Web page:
• Once the surrogate becomes pregnant, parents must file with the courts to be named on the child’s birth certificate. The child’s birth certificate will name the intended parents as the sole legal parents of the baby. No adoption will be needed. 

We have more information on surrogacy here: New Jersey Surrogacy and Sperm Donation Law.

Frozen Embryos: Make Decisions In Case of Divorce 

Does your family planning include creating frozen embryos for future use? For any couple that decides to go this route, careful thought needs to be given to what would happen to these embryos in the event of divorce. After the relationship ends, either parent may object to embryos being implanted in a surrogate if they no longer want to have children with the former partner. 

A few years ago, another celebrity couple — Sofia Vergara and her now ex-fiance Nick Loeb — entered a legal battle over their frozen embryos. After their relationship ended, Loeb wanted to have children via a surrogate, using the embryos that contained his sperm. Varga objected, stating that since she did not want children, the embryos should not be used. After a number of hearings, the courts agreed that unless both parties to the embryo were in agreement, the embryo should not be used.

Still, some fertility clinics have patients sign contracts prior to the creation of the embryos that may create a gray legal area. In the New Jersey Supreme Court case of JB v. MB, a couple, pursuing IVF (in vitro fertilization) due to infertility ended up divorcing and a dispute arose over the fate of their frozen embryos. The contract the couple had signed with the fertility clinic prior to starting treatments stated that all control and ownership of any embryos would be given over to the IVF program in the event that there was a divorce, or unless the divorce judge orders who would take possession of the embryos.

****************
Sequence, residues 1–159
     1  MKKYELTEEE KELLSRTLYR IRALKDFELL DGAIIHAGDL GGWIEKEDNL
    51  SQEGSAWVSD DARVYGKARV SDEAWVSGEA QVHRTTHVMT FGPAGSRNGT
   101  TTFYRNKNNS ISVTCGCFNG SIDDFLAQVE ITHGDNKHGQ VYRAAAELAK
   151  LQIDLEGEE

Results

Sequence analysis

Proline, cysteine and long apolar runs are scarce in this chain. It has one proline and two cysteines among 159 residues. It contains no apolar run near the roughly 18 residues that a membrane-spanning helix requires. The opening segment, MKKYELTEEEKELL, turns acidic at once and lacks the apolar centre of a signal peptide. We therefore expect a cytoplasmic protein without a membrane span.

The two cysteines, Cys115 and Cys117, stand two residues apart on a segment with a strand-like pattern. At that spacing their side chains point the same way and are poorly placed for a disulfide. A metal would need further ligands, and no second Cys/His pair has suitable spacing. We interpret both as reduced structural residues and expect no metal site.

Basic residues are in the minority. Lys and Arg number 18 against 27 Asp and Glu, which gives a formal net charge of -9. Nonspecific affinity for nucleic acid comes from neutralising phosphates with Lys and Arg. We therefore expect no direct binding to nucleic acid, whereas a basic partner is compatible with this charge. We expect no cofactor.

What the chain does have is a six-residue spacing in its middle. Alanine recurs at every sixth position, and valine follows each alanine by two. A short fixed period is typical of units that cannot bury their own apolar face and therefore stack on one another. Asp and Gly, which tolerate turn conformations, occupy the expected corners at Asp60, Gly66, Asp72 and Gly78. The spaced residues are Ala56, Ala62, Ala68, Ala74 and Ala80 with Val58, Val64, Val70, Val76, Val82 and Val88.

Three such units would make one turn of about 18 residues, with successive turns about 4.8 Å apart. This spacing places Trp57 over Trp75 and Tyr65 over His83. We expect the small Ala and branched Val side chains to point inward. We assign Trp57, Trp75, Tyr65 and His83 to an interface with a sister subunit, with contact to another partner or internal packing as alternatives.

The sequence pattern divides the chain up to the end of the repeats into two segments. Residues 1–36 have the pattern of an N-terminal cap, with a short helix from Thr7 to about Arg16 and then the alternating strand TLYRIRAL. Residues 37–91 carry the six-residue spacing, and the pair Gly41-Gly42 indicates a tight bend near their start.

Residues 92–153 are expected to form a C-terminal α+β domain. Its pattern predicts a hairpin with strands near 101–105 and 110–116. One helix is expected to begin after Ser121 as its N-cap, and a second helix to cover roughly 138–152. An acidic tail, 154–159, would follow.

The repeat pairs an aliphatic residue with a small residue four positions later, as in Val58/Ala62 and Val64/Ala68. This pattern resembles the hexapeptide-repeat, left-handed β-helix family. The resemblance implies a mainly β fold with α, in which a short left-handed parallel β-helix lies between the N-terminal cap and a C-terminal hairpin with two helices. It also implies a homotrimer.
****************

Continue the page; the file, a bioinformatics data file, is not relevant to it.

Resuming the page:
When one of the former spouses wanted to use the embryos post-divorce, over objections from both the other spouse and IVF clinic, the dispute ended up in court. Ultimately, the New Jersey Supreme Court made two key rulings: 1. IVF agreements like these do, violate public policy and will generally not found to be enforceable; and 2. In cases where former spouses/partners dispute use of frozen embryos, the party choosing not to become a biological parent generally should prevail.  

Still, there can be a legal gray area when it comes to assisted reproductive technology and parental rights. As part of the process, couples really should come to their own agreement about what they want to happen in case they divorce.

Learn More: 

Divorce Issues: What Happens to Frozen Embryos?

How to Hire a Gestational Surrogate: A Step-by-Step Guide 

Do you have questions about surrogacy and other assisted reproductive technology (ART) legal issues? We can help. Get all your questions answered by calling us today to schedule an initial confidential consultation with one of our specialist attorneys. Call 888-888-0919, or please click the button below.